I recently experience in my own group how well a k12 student can do in a professional research group if he/she is given the proper oportunity. I heard first from my collegue Beatriz Roldan (Associate Professor at UCF-Physics) about the real possibilities of having k12 students involved in the research we do everyday. And she was right!
Two high school students have recently joined my group during the last year.
Austin Coye (second from the left), a high school student from Lake Highland Preparatory School (actually, she was in middle school when she joined our group) is involved in a very exciting research that we carry out in collaboration with Eloy Hernandez (Associate Professor at UCF-Chemistry). She has gained experience on atomic force microscopy… Ok, ok, I know what you are thinking: What an atomic force microscope is? In a few words (I’ll let Austin to explain it to you in a post she is preparing), it is an instrument that allows to see (image) objects of a nanometric size (thousands of times smaller that the smallest object visible with the best optical microscope available in the world). And she has made a lot of interesting research with this microscope and some novel gold nanoparticles that behave as magnets. She will let you know soon about this.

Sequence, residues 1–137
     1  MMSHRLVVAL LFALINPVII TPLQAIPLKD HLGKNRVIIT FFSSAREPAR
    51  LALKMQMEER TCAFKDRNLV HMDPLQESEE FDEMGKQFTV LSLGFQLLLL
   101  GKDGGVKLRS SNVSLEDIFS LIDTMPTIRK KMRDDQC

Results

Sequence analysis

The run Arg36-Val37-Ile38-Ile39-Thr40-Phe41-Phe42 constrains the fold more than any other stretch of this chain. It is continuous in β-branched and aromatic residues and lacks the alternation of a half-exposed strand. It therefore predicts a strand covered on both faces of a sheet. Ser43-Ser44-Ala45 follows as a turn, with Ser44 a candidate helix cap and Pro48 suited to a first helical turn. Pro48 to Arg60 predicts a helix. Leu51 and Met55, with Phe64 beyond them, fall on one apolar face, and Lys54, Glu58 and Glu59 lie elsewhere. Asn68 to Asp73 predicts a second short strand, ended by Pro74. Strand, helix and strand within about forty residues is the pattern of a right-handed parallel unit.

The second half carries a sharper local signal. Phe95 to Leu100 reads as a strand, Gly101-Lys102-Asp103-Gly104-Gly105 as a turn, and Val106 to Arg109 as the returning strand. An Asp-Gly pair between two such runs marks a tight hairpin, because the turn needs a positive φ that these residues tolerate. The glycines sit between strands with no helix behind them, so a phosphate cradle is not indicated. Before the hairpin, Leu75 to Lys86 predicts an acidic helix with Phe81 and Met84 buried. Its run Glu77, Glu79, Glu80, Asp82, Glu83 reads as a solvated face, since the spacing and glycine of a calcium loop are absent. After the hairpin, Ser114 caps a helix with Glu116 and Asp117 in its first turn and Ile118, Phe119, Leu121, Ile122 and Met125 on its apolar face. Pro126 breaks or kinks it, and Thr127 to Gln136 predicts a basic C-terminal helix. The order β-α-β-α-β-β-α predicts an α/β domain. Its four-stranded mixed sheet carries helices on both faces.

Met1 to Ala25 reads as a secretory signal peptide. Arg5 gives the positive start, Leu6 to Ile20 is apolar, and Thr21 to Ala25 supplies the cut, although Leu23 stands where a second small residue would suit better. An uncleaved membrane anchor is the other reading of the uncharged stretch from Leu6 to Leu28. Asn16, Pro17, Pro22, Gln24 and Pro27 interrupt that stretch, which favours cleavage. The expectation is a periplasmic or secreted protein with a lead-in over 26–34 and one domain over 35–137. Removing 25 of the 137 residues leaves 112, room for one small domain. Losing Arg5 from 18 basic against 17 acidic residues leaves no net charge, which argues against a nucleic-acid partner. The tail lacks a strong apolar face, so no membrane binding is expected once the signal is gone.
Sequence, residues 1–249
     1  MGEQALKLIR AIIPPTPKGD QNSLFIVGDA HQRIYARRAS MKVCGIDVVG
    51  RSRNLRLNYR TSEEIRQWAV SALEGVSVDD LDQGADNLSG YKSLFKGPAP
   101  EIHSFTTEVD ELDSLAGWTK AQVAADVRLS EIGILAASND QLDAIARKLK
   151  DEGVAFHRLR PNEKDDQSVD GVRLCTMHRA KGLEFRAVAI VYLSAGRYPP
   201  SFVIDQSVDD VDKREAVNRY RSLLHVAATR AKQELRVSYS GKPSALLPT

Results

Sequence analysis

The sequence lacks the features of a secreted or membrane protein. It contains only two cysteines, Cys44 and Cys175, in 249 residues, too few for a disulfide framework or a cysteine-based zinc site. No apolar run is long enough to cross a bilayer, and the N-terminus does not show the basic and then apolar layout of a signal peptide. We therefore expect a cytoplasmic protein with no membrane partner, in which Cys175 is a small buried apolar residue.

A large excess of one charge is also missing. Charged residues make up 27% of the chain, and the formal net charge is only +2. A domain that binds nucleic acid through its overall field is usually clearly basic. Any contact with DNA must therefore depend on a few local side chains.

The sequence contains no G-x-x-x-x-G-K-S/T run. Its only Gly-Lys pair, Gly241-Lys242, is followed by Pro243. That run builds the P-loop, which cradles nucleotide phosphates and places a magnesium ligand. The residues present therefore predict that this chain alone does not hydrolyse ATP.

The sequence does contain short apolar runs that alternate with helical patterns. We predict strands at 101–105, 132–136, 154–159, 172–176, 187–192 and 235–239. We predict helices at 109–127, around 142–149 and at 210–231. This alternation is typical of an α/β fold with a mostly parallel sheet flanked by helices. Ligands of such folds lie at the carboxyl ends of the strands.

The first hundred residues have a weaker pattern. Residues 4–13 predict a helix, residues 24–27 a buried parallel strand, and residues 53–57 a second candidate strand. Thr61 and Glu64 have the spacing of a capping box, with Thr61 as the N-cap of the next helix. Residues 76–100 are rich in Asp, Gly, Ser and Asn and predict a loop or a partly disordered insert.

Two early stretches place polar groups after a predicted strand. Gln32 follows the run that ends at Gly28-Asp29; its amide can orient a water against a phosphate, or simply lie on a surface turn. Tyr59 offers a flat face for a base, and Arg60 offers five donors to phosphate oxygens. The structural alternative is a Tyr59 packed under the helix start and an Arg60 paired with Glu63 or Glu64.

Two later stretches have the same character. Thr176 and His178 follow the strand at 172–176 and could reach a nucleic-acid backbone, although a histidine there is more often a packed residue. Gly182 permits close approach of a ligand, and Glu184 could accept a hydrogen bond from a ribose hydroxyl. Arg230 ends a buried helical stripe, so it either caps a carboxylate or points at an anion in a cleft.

Jesus Paredes (third from the right), who you may already know about, joined our group this Summer and started to do some things with graphene, a 2-dimensional layer (the thickness of a single atom) of carbon atoms presenting fantastic properties, which may change the way we think about future electronic devices. Look into his recent post about graphene. You will see that it is very simple to obtain such a thin layer of atoms. Jesus’s first responsibility is the maintenance and organization of this blog, but he will continue to do some research as well.
So, yes. It is possible to do research now. You do not need to wait until you access to college. Look for the oportunity and take it right away!
Enrique del Barco